Also prominently featured was Andy Roddick's fiancée, Brooklyn Decker, who was pictured sitting courtside. The paper highlighted an up-close look at Decker's knock-your-socks-off, blinding-under-the-summer-sun diamond engagement ring. One item missing from the paper's report was that the couple already are parents, sort of, to an English bulldog puppy named Billie Jean, in honor of you know who. The couple kept visiting Billie Jean at a pet store near their New York apartment, and one day when they put her back in her crate, she cried. So they scooped her up and took her home. No word from the real Billie Jean as to what she thinks about her namesake.

Serena Williams might be claiming to cut back on purchases because of the current economic crunch, but she was seen shopping in her favorite Chapel Street shop, Bettina Liano, on Monday evening. At least a pair of jeans went home in a shopping bag.

-- Sandra Harwitt

Dare to drive

Williams

While Andy Murray is discussing when he might eventually get a driver's license -- suggesting he might learn to drive in Florida, where he owns an apartment in Miami -- Venus Williams is busy driving around town in Melbourne.

Not wanting to drive the minute you are old enough is a foreign concept to Williams, who obtained her driver's license at 16.

At the Australian Open, players are accorded courtesy cars and drivers to take them wherever they want to go. But this year, Venus is behind the wheel with little concern about driving on the opposite side of the road, even successfully negotiating the unique Melbourne right turn from the left-most lane.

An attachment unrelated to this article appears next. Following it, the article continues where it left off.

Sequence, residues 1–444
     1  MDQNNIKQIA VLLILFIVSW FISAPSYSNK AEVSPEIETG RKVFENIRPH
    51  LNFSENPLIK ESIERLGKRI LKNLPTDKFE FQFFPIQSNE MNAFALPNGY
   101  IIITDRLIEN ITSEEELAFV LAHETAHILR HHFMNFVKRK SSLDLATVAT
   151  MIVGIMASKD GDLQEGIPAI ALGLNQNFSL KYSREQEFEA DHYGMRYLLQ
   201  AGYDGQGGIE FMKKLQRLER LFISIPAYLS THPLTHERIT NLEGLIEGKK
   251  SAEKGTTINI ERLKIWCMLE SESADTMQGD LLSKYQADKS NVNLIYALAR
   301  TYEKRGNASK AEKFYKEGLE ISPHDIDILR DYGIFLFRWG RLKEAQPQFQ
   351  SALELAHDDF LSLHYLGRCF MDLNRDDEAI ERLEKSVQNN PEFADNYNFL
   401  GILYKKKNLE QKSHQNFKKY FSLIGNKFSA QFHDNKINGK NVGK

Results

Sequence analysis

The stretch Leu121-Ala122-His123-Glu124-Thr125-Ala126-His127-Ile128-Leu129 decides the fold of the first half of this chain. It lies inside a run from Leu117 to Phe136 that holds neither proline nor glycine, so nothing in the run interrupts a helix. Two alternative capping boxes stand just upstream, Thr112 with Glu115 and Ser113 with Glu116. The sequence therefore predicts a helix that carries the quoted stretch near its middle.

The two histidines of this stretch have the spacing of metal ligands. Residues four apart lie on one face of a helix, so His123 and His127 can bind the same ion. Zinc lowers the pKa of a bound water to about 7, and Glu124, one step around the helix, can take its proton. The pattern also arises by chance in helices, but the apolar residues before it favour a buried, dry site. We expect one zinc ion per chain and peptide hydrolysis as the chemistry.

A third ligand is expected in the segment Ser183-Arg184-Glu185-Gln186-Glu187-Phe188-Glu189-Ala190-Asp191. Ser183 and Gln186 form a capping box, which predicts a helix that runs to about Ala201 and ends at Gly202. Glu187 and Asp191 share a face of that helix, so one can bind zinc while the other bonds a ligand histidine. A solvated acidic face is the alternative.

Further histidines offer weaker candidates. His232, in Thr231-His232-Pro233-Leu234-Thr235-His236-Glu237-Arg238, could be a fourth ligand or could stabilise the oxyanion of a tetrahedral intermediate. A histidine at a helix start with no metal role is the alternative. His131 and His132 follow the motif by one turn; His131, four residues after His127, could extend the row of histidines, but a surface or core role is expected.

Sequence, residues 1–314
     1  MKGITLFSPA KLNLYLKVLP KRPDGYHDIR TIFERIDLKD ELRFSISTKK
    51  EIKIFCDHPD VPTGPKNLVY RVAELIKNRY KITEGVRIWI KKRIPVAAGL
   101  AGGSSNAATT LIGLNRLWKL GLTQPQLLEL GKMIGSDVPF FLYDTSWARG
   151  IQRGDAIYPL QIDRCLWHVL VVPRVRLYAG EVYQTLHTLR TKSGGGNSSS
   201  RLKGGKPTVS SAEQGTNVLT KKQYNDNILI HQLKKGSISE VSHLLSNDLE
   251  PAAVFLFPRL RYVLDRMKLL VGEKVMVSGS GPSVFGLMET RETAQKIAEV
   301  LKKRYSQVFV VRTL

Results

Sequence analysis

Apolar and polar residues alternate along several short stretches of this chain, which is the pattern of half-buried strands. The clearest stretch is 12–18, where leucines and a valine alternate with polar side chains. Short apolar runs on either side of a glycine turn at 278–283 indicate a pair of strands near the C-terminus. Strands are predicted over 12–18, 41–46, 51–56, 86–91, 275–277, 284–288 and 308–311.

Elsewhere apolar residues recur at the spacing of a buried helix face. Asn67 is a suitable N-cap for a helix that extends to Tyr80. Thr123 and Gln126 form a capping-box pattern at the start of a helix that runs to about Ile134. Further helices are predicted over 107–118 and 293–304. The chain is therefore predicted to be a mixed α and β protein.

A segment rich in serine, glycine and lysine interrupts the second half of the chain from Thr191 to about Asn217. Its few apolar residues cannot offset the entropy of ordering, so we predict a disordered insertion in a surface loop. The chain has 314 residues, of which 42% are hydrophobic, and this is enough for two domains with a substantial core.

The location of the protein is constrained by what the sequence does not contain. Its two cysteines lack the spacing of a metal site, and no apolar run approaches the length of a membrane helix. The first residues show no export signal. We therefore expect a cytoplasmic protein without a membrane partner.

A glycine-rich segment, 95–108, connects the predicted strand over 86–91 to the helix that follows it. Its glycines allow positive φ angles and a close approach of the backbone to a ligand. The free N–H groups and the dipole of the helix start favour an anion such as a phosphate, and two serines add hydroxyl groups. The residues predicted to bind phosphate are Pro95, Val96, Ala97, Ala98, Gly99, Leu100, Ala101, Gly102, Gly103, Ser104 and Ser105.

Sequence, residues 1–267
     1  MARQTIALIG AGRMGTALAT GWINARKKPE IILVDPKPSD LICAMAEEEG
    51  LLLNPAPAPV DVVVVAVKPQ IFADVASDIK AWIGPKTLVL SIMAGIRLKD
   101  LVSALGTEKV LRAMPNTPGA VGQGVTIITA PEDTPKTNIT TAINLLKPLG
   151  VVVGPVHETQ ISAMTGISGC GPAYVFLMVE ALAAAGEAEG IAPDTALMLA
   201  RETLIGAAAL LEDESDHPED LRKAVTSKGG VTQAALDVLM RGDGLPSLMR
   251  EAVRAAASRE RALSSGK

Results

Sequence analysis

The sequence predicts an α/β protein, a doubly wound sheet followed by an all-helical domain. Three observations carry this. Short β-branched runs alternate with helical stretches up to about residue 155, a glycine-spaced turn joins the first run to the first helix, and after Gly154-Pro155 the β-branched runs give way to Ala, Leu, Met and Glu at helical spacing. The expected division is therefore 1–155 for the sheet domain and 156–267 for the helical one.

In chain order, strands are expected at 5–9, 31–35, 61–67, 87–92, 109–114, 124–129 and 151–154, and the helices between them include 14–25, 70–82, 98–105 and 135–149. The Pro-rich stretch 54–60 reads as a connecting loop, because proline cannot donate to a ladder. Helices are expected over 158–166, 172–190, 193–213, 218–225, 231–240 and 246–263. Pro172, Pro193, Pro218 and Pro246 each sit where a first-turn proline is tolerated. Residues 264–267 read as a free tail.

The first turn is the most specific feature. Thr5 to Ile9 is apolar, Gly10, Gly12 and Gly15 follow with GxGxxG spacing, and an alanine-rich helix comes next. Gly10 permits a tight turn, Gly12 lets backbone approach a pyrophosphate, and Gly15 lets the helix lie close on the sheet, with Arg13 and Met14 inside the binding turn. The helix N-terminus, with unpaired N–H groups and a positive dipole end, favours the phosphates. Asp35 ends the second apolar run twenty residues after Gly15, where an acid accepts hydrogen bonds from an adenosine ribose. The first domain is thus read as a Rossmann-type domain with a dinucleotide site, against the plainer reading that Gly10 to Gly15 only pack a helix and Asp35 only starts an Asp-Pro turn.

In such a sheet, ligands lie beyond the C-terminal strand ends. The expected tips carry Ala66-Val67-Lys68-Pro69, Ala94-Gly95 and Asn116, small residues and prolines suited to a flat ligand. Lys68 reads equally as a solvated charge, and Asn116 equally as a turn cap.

"I drive everywhere," Venus said of her Melbourne jaunts. "I drive to Fitzroy. I've driven to St. Kilda. I've driven downtown. I make that wide turn. I get lost. I take detours. I double back, and I succeed."

What would she say to other Americans about driving on the opposite side of the road?

"You just have to get confident. It's taken me about 10 years, but suddenly I was ready. It's much more fun driving here than at home because there it's a chore and here it's like a luxury, kind of like an adventure."

-- Sandra Harwitt

Heat patrol

Melbourne Park

Tuesday delivered a brutal 104 degrees Fahrenheit before things cooled down in the late afternoon. A TV weatherman noted that an average summer in Melbourne usually has only one day of temperatures reaching 104 degrees. The outgrowth of the heat is that the famed Melbourne flies plague anyone brave enough to venture outside.

--Sandra Harwitt

Critic's choice

Federer

No. 2 Roger Federer vs. Evgeny Korolev: The most famous fact about Australian Open qualifier Evgeny Korolev is that his first cousin just happens to be Anna Kournikova. Maybe that connection will help him be a little less intimidated when he faces the great Roger Federer for the first time. The No. 118 Korolev, whose best weapon is his backhand, has played in eight Grand Slams and has never done better than three second-round finishes. What can't you say in favor of Federer in this match?

ESPN.com prediction: Federer in three.

-- Sandra Harwitt